In the process according to the present invention it is also advantageous to add light stabilizers. The following light stabilizers may be used:
4-Benzoyloxy-, 4-salicyloyloxy-, 4-capryloyloxy-, 4-stearoyloxy-, 4-(β-3,4-di-tert.-butyl-4-hydroxyphenyl-propionyloxy)- and 4-(3,5-di-tert.-butyl-4-hydroxybenzoyloxy)-2,2,6,6-tetramethyl-piperidine; 4-benzoyloxy-, 4-salicyloyloxy-, 4-stearoyloxy- and 4-tert.-butylphenoyloxy-1,2,2,6,6-pentamethyl-piperidine; bis-(2,2,6,6-tetramethyl-4-piperidyl)-sebacate, bis- (2,2,6,6-tetramethyl-4-piperidyl)-suberate, bis-(2,2,6,6-tetramethyl-4-piperidyl)-dodecane dioate, bis-(1,2,2,6,6-pentamethyl-4-piperidyl)-sebacate; 4-capryloyloxy-1-propyl-2,2,6,6-tetramethylpiperidine; 4-capryloyloxy-1-allyl-2,2,6,6-tetramethyl-piperidine; 4-benzoylamido-, 4-acryloylamido- and 4-stearoylamido-2,2,6,6-tetramethyl-piperidine; 2,4,6-tris-(2,2,6,6-tetramethyl-4-piperidyloxy)-s-triazine, 2,4,6-tris-(1,2,2,6,6-pentamethyl-4-piperidyloxy)-s-triazine, 2,4,6-tris-(2,2,6,6-tetramethyl-4-piperidylamino)-s-triazine, 2,2,6,6-tetramethyl-4-β-cyanoethoxy-piperidine, 1,2,2,6,6-pentamethyl-4-lauroyloxy-piperidine and triacetone aminoxime.
2,4-dihydroxy-, 2-hydroxy-4-methoxy-, 2-hydroxy-4-octoxy-, 2-hydroxy-4-dodecyloxy-, 2-hydroxy-4-benzyloxy-, 2-hydroxyl-4,4'-dimethoxy-, 2,4,4'-trihydroxy, 2,2'-dihydroxy-4,4'-dimethoxy, 2,2'4,4'-tetrahydroxy-, 2,2'-dihydroxy-4-methoxy-, 2-hydroxy-2'-carboxy-4-methoxy-, 2,2'-dihydroxy-4-oxtoxy- and 2,2'-dihydroxy-4-dodecyloxy-benzophenone.
2-(2'-hydroxy-5'-methylphenyl)-, 2-(2'-hydroxy-5'-tert.- butylphenyl)-, 2-(2'-hydroxy-5'-tert. octylphenyl)-, 2-(2'-hydroxy-3'-tert.-butyl-5'-methylphenyl)-, 2-(2'-hydroxy-3'-tert.-butyl-5'-methylphenyl)-5-chloro-, 2-(2'-hydroxy-3',5'-di-tert.-butylphenyl)-, 2-(2'-hydroxy-3',5'-di-tert.-butylphenyl)-5-chloro, 2-(2'-hydroxy-3',5'-di-tert.-amylphenyl)-, 2-(2'-hydroxy-3',5'-di-tert.-amylphenyl)-5-chloro-, 2,(2'-hydroxy-3'-sec.-butyl-5'-tert.-butylphenyl)-, 2-(2'-hydroxy-3'-tert.-butyl-5'-sec.-butylphenyl)-, 2-(2',4'-dihydroxyphenyl)-, 2-(2'-hydroxy-4'-methoxyphenyl)-, 2-(2'-hydroxy-4'-octoxy-phenyl)-, 2-(2'-hydroxy-3'-α-phenylethyl-5'-methyl-phenyl)- and 2-(2'-hydroxy-3'-α-phenylethyl-5'-methyl-phenyl)-5-chlorobenzotriazole.
2-ethyl-2'-ethoxy-, 2-ethyl-2'-ethoxy-5'-tert.-butyl-, 2-ethyl-4-tert.-butyl-2'-ethoxy-5'-tert.-butyl-, 2,2'-dimethoxy-, 2,2'-diethoxy-, 2-methoxy-2'-ethoxy-, 2-methoxy-4'-ethoxy-, 2-ethoxy-4'-methoxy-, 2,2'-dioctoxy-5,5'-di-tert.-butyl-, 2,2'-didodecyloxy-5,5'-di-tert.- butyl-, 2-ethoxy-2'-octoxy-4,4'-di-octoxy-, 2-ethyl-2'-butoxy- and 4-methyl-4'-methoxyoxalanilide.
Salicylic acid phenyl ester, salicylic acid-4-tert.- butylphenylester and salicylic acid-4-tert.-octylphenyl ester.
α-cyano-β-methyl-4-methoxy-cinnamic acid methyl ester,
α-cyano-β-methyl-4-methoxy-cinnamic acid butyl ester,
α-cyano-β-phenyl-cinnamic acid ethyl ester and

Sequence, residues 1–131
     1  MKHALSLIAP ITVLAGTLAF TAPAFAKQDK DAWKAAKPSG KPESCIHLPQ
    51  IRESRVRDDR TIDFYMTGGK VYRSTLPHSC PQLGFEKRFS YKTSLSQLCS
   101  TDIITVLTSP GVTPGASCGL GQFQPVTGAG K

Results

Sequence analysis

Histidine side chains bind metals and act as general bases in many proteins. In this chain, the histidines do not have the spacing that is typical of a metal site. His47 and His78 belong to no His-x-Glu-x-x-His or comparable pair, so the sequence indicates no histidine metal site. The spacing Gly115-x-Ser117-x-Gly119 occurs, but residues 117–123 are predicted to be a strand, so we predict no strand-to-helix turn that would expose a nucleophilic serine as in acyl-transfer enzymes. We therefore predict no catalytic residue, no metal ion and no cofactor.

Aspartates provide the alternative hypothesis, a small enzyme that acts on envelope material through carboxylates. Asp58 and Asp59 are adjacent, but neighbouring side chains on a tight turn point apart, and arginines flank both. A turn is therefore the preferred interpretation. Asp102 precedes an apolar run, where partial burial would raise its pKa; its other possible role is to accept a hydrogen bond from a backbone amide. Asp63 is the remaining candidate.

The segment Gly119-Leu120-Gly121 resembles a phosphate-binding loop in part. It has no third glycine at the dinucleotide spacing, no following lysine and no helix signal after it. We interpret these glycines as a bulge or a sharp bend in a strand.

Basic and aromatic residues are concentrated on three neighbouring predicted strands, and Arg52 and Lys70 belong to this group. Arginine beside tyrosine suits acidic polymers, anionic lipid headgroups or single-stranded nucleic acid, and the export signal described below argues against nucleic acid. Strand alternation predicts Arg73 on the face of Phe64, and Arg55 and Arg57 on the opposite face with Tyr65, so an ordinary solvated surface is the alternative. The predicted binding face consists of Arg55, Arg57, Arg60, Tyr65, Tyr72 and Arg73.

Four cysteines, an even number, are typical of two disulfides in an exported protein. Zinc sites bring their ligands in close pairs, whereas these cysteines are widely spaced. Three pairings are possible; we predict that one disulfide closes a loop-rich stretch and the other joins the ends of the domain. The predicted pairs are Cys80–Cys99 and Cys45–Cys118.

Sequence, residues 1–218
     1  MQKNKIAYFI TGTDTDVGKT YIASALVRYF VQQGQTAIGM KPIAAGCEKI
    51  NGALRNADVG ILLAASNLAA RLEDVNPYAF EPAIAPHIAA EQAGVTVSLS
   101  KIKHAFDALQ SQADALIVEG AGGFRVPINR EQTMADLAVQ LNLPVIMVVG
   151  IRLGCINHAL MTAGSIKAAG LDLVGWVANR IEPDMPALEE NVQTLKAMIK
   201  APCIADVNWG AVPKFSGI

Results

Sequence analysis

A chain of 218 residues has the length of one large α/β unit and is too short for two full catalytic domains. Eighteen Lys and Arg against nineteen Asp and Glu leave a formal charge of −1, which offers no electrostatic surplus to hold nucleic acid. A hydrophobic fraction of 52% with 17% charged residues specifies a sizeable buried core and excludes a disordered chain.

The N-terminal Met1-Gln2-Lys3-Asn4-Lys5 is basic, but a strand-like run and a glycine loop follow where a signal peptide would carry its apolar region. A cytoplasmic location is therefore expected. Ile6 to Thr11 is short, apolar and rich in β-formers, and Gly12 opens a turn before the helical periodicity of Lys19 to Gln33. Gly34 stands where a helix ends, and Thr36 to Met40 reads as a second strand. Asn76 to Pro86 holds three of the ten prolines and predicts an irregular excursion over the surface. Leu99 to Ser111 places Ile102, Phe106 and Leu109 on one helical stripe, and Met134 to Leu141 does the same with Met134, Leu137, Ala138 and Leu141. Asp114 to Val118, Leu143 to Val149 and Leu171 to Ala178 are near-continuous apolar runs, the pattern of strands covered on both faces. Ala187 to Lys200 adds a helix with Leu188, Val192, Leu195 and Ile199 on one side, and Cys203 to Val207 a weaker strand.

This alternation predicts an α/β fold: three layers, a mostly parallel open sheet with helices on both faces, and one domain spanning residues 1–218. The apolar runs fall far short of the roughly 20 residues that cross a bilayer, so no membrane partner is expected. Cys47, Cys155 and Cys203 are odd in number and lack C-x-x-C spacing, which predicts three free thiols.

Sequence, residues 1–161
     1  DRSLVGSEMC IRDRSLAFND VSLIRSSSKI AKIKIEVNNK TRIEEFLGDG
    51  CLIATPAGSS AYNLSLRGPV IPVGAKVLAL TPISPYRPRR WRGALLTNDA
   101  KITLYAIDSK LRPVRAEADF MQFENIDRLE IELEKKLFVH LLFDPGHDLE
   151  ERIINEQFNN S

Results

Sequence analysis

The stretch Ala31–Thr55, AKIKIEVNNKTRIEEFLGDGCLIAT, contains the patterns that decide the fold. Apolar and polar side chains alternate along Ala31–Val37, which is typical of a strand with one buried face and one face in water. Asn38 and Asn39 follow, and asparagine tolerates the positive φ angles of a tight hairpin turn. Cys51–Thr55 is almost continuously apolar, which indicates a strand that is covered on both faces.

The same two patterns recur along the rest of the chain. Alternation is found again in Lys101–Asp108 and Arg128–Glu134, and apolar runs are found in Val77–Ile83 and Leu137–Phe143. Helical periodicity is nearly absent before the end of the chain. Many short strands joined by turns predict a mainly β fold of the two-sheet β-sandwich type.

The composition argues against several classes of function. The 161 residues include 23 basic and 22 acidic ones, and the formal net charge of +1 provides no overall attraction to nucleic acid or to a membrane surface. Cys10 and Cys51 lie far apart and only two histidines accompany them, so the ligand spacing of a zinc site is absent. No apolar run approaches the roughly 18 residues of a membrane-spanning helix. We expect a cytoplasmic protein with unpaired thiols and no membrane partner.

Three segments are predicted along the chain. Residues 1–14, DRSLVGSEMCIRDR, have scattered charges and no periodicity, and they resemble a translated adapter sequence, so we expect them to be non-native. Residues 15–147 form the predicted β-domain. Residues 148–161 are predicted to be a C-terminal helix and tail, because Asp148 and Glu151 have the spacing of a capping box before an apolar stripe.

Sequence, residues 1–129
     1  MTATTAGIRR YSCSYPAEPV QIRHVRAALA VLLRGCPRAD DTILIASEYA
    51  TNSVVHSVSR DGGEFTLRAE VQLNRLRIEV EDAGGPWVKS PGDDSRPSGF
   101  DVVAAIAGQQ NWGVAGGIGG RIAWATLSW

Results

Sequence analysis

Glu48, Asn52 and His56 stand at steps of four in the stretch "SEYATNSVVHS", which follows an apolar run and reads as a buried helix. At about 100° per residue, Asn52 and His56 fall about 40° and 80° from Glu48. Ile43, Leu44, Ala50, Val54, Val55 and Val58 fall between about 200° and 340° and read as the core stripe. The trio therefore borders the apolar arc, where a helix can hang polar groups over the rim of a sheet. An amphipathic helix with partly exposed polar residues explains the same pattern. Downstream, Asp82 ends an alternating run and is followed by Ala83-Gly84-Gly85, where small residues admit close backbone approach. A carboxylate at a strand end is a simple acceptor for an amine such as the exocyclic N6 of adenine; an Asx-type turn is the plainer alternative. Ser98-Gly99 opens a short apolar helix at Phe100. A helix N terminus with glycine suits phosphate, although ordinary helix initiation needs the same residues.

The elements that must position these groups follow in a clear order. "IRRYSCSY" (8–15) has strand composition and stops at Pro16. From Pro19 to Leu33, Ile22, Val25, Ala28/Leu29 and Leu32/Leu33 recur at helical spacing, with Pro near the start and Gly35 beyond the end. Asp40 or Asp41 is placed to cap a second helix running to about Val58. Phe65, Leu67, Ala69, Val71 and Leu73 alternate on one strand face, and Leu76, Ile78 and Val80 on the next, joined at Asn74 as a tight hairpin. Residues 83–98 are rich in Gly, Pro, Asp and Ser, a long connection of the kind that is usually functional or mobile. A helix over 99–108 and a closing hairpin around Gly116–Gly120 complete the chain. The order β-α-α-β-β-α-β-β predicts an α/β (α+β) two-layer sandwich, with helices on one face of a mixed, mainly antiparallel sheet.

α-cyano-β-phenyl-cinnamic acid isooctyl ester.
4-methoxy-benzylidene-malonic acid dimethyl ester,
4-methoxy-benzylidene-malonic acid diethyl ester,
4-butoxy-benzylidene-malonic acid diethyl ester.
According to the present invention, the abovementioned light stabilizers are preferably used individually but they may also be used in any combination. Piperidine derivatives are particularly preferred.
Surface-active additives (emulsifiers and foam stabilizers) may also be used according to the present invention. Suitable emulsifiers include e.g. the sodium salts of ricinoleic sulfonates or of fatty acids or salts of fatty acids with amines, such as oleic acid diethylamine or stearic acid diethanolamine. Alkali metal and ammonium salts of sulfonic acids, e.g. of dodecylbenzene sulfonic acid or of dinaphthylmethane disulfonic acid, or of fatty acids such as ricinoleic acid or of polymeric fatty acids may also be used as surface-active additives, as well as ethoxylated nonylphenol.
Suitable foam stabilizers are particularly the polyether siloxanes, especially those which are water-soluble. These compounds generally have a polydimethylsiloxane group attached to a copolymer of ethylene oxide and propylene oxide. Foam stabilizers of this type have been described in U.S. Pat. Nos. 2,834,748; 2,917,480 and 3,629,308. It is particularly interesting in many cases to use polysiloxane-polyoxyalkylene copolymers which are branched through allophanate groups (German Offenlegungsschrift No. 2,558,523).
The above-mentioned emulsifiers and stabilizers are preferably used singly according to the present invention, but may also be used in any combination. Ethoxylated nonylphenols are particularly preferred, especially a nonylphenol having about 6 ethylene oxide units.
Reaction retarders, e.g. compounds which are acid in reaction, such as hydrochloric acid, sulfuric acid, phosphoric acid or organic acid halides may be used. Known cell regulators such as paraffins or fatty alcohols or dimethylpolysiloxanes, pigments, dyes, known flame retarding agents such as tris-chloroethylphosphate, tricresylphosphate and ammonium phosphate and polyphosphate, stabilizers against ageing and weathering, plasticizers, fungistatic and bacteriostatic substances may be used. Fillers such as barium sulfate, kieselguhr, carbon black or whiting, may also be used according to the present invention.
Other examples of surface-active additives, foam stabilizers, cell regulators, reaction retarders, stabilizers, flame retarding substances, plasticizers, dyes, fillers and fungistatic and bacteriostatic substances optionally used according to the present invention and details concerning their use and mode of action may be found in Kunststoff-Handbuch, Volume VII, published by Vieweg and Hochtlen, Carl-Hanser-Verlag, Munich, 1966, e.g. on pages 103 to 113.
A method for carrying out the process according to the present invention is given below.